I was an operator for a short time then a programmer at Fine Art Developments in Preston on an ICL 1901A in the early 1970s. This machine was so state-of-the-art it had just been upgraded with an 8Mbyte disc drive!
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Much of the programming was done in Cobol, but the real men used Plan. This was in the days before operating systems - the new-fangled George still hadn't gained any credibility - and programs were manually loaded into the memory from a backing store (increasingly on the disc but still occasionally tape) by the operators.
I remember hand punches well - when I left Fine Arts in 1980, I was presented with the last one in the installation because I was the only person left who knew how to use it! In fact, I still have it, up in the attic, along with a supply of blank cards. Recently I taught BTec IT and took it in to show a class of streetwise 16-year olds how things used to be when programmers were "men not machines".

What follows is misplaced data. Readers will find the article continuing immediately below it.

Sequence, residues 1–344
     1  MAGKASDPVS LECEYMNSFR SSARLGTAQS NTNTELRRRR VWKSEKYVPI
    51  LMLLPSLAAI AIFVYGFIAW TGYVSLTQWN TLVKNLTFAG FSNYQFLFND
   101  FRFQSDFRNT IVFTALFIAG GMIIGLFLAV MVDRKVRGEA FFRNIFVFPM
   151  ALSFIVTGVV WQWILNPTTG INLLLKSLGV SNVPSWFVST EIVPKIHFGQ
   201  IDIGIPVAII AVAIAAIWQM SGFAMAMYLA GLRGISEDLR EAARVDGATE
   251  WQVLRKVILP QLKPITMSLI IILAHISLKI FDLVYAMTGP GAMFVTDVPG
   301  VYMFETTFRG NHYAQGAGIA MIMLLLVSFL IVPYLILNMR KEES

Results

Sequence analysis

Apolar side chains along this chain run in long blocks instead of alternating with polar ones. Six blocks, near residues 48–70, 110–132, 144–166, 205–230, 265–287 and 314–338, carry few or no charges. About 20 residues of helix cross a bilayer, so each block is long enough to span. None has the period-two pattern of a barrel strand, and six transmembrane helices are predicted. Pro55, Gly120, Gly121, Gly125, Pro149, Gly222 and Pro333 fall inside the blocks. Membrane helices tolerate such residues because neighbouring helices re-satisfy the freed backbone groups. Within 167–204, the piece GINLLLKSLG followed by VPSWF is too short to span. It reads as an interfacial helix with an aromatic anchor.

We used to call the waste paper rectangles "chad" and when I got married, some kind soul filled my suitcase with the stuff - it took ages to get it out of my in-fashion Arran sweater.
Worse than punch cards was paper tape - you could guarantee it would feed through the reader beautifully until the last few inches, then get shredded. It was then a case of extracting it from the machine, ironing it flat, splicing it back together, rewinding it and feeding it through again.
Ah me, those were the days!